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Russia Has Invaded Norman by Susan Grossman Russia has invaded Norman. A series of exhibits at the Fred Jones Jr. Museum of Art is exploring everything from icons, to immigrant art and photography at the University of Oklahoma institution. This Soviet theme and exploration of the many aspects of Soviet life is supported by films, lectures and courses. The days of Romanov rule (1613-1918) was recently featured in Tradition in Translation: Russian Icons from the Hillwood Collection. Offering a rare insight into sacred devotional images of Russia, the icons and their evolution reflected the influences of the East versus the West, tradition versus innovation, and church versus state during the 300-year reign of the Romanov family. On the heels of the icons exhibit comes American Artists from the Russian Empire which opened Oct. 4 with a free public showing. Exploring early 20th century Russian immigrant art, the traveling exhibit features Soviet street scenes, paintings of the American West, abstracts and portraits. Overall, the exhibit showcases the volume and diversity of the styles, genre and media used that made Russian immigrants among the most active and influential in America. The collection emphasizes how everyday environments reflect art. Featuring a wide-ranging selection of works on loan from museums, galleries and private collections, American Artists from the Russian Empire explores the impact of American culture and art movements on Russian artists living in the United States and highlights the influence and contributions of these artists in shaping American culture. “American Artists from the Russian Empire is an innovative undertaking, drawing as it does upon the unique resources of many American collections,” said Derrick Cartwright, executive director of the San Diego Museum of Art. “These collections, both public and private, represent the profound contributions of dozens of Russian-born artists.” Composed of more than 70 paintings and sculptures by Nicolai Fechin, Leon Gaspard, Jacques Lipchitz, Mark Rothko, Ben Shahn, Alexis Arapoff, Pavel Tchelitchew and Max Weber among others, the installation will remain on display through Jan. 4. Evgenia Petrova, deputy director for science at the State Russian Museum, curated the show and gave a walk-through of the show at its opening. Lenders to the exhibition include the Smithsonian Museum of American Art, the National Gallery of Art, the Whitney Museum of American Art and private collections of artist’s daughters Kate Rothko and Mary Arapoff. Following the Oklahoma debut, the exhibit will travel to the State Russian Museum in St. Petersburg and the State Tretyakov Gallery in Moscow before returning to the United States for a final showing at the San Diego Museum of Art. Said Ghislain D’Humieres, director of the Fred Jones Jr. Museum of Art, “The influence of this exhibition on the university’s culture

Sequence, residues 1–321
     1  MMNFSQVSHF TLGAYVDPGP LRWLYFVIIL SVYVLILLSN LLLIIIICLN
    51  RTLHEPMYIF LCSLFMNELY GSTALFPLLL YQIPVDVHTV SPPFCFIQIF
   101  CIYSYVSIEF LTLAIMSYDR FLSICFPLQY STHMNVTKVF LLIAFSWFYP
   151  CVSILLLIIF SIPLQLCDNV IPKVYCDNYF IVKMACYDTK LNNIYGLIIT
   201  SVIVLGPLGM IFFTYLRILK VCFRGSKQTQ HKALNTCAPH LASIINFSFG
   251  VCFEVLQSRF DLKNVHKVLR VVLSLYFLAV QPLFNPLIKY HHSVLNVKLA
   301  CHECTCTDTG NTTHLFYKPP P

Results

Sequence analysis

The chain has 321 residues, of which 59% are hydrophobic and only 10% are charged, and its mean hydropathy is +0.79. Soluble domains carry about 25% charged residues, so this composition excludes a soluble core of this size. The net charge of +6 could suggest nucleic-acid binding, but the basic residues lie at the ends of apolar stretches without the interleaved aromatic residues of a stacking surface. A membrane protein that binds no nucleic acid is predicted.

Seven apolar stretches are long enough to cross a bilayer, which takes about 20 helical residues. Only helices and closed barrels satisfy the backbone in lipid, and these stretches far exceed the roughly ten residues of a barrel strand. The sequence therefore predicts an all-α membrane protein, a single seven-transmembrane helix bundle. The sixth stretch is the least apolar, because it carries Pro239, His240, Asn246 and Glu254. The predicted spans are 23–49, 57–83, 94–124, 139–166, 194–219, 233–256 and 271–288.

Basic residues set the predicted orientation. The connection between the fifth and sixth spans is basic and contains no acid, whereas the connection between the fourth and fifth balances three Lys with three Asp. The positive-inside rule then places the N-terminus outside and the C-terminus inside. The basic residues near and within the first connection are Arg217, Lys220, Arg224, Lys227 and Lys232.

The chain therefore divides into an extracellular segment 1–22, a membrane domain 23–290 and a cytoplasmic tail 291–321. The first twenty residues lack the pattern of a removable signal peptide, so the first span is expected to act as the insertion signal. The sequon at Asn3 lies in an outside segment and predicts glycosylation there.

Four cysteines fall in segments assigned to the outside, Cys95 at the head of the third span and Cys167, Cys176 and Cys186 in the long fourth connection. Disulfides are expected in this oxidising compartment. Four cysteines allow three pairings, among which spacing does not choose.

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Alexander Liberman, Maquette for On High, Welded and Painted Steel on Steel Base, 23 5/8”x16”x16”

of learning is enormous and we are delighted for Norman to be the opening venue and Oklahoma to be one of only two states to host the exhibition.” This collaboration between the Fred Jones Jr. Museum of Art, Russia and California provides an outstanding opportunity to promote an exceptional collection of art and to open a discussion about the influence of national culture on careers and styles of individual artists. Through this exhibition, visitors should be encouraged to consider concepts of international diversity, compassion and curiosity for foreign cultures.” In conjunction with American Artists from the Russian Empire, faculty from the OU College of Fine Arts have collaborated to create a “dream” course to enhance the understanding of the exhibition. Experts of national and international stature will visit campus and teach, along with OU faculty, Russian Arts in the 20th Century. The course will examine all aspects of Russia and its history including architecture and palace interiors, dance, music and art history and will be open to the public. The museum’s weekly film series, Fred Films, will tie into the Russian theme as well. Coming in November is a photography exhibit titled Reflections: Russian Contemporary Photography. Photos included were taken by photographers of the Moscow Times newspaper between 1992 and 2002, a time of exceptional turmoil in Russia with the end of communism. The exhibit will be open until Jan. 4. n About the Author: Susan Grossman is assistant director of marketing for University of Oklahoma Outreach and a freelance writer based in Norman. She can be reached at susangrossman@cox.net.

Profile for Oklahoma Visual Arts Coalition

Art Focus Oklahoma, November/December 2008  

2008 November/December Art Focus Oklahoma is a bimonthly publication of the Oklahoma Visual Arts Coalition dedicated to stimulating insight...

Art Focus Oklahoma, November/December 2008  

2008 November/December Art Focus Oklahoma is a bimonthly publication of the Oklahoma Visual Arts Coalition dedicated to stimulating insight...

Profile for ovac